Tip & How-To about Chevrolet Cars & Trucks
My daughter was having intermittent problems with the headlights on her 2004 Chevy Cavalier. In short, they sometimes worked, sometimes didn't; sometimes using the "brights" shut them off completely. Sometimes when you started the car, they'd flick on and off seven or eight times and then not work. Or work. There was no rhyme or reason. I thought it was a wiring problem because I'd seen them flicker, so I knew the bulbs were good. I checked first to see if it was a fuse but it wasn't (which made sense). In short, it seemed to me to be a wiring problem--somewhere between the headlights themselves and the firewall. I explained this to the dealership and then angrily demanded my daughter's care back and refused to pay any money after a week and what was approaching a $600.00 bill. They gave in (Yay ME!) and after a little research I discovered that this model uses a lighting arrangement wherein the bulbs turn on as "running lights" when the transmission is engaged (but not in "Park."). Basically, the bulbs themselves have three settings: "running lights," "low beam," and "bright." After consulting with an automotive electrician and trolling some auto-repair discussion groups, I discovered that Chevy's wiring geniuses routed between 14 and 21 wires into what is called a "pin-out connector" that ends up being directly beneath the battery. Batteries leak so over time, so these pin-out connectors (which function as a result of the manufacturing process, not for any reason that helps the lights actually work) get corroded. I asked a friend to simply cut the connector out and splice in new, longer wire to restore all the connections. Which he did. For $25.00. Took all of 30 minutes. Best thing? Took the melted pin-out connector to the dealership the next day to share my find and the service manager (an older gentleman) asked to keep it to use as a "learning" exercise with his young mechanics. He told me that GM would NOT have allowed the repair as I had it done; would have forced the dealer to buy their replacement and the repair could have topped $900.00. I reported this episode to my brother-in-law who has a fully restored Corvette and he said they had the same design flaw. This should have been a re-call because light failure (plus dash, etc) could be very dangerous under the right ("wrong") circumstances. If you have experienced similar problems with older model Chevy's, look directlty under the battery housing to see if a rectangular piece of corroded/melted plastic with a bunch of wires going in one end and coming out the other is the culprit!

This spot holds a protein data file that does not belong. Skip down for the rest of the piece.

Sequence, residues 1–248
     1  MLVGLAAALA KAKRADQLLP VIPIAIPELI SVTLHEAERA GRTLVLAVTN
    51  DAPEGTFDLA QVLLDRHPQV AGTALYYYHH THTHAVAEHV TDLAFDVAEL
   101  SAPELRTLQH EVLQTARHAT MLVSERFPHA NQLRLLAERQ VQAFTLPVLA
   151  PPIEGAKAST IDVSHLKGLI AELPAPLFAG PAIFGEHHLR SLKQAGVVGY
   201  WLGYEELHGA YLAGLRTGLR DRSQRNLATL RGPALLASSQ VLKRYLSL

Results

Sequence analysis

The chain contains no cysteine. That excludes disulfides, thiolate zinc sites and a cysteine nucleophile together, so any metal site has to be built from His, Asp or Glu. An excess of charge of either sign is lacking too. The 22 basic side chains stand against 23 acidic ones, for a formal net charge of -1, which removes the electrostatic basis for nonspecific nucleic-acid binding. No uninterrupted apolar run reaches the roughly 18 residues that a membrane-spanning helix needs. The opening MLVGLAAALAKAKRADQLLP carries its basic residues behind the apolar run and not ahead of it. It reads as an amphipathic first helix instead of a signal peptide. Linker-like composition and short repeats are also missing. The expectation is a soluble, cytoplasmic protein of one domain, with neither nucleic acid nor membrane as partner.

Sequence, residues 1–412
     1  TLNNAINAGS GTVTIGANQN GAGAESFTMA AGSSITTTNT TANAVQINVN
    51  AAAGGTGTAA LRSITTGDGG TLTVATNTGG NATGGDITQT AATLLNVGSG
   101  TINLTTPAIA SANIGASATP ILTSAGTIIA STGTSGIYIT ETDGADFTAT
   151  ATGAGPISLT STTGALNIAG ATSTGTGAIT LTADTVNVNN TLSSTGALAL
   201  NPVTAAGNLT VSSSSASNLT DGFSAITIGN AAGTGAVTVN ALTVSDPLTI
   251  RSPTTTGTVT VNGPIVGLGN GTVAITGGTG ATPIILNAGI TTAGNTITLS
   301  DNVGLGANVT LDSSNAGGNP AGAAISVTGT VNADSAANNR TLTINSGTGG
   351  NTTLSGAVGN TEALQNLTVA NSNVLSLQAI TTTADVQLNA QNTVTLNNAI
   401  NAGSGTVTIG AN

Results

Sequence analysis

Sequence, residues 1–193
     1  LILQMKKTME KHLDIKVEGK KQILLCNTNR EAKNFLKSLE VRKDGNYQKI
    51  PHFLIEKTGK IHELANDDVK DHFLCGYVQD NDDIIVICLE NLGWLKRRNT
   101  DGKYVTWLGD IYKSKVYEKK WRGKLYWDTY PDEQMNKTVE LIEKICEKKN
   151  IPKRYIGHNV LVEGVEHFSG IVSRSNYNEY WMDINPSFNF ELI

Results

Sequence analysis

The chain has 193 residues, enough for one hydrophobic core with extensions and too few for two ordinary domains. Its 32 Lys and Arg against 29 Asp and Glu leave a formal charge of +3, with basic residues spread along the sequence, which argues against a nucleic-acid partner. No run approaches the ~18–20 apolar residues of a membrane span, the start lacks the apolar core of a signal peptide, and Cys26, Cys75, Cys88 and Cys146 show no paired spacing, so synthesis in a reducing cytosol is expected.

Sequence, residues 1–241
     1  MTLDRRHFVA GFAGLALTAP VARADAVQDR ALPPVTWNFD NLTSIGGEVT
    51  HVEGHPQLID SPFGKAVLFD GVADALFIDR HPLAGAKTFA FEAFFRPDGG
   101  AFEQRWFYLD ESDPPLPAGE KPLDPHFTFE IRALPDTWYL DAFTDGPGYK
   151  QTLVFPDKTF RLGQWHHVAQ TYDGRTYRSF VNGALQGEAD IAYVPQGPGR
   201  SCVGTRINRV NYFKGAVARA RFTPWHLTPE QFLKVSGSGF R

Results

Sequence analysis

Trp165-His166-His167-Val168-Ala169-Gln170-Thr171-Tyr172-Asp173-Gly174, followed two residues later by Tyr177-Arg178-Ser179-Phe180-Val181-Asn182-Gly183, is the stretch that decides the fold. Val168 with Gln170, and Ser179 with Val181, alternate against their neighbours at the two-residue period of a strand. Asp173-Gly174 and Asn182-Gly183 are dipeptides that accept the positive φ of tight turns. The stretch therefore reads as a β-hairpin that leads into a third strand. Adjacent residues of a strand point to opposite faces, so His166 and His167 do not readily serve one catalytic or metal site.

Posted by gregorbo13 on
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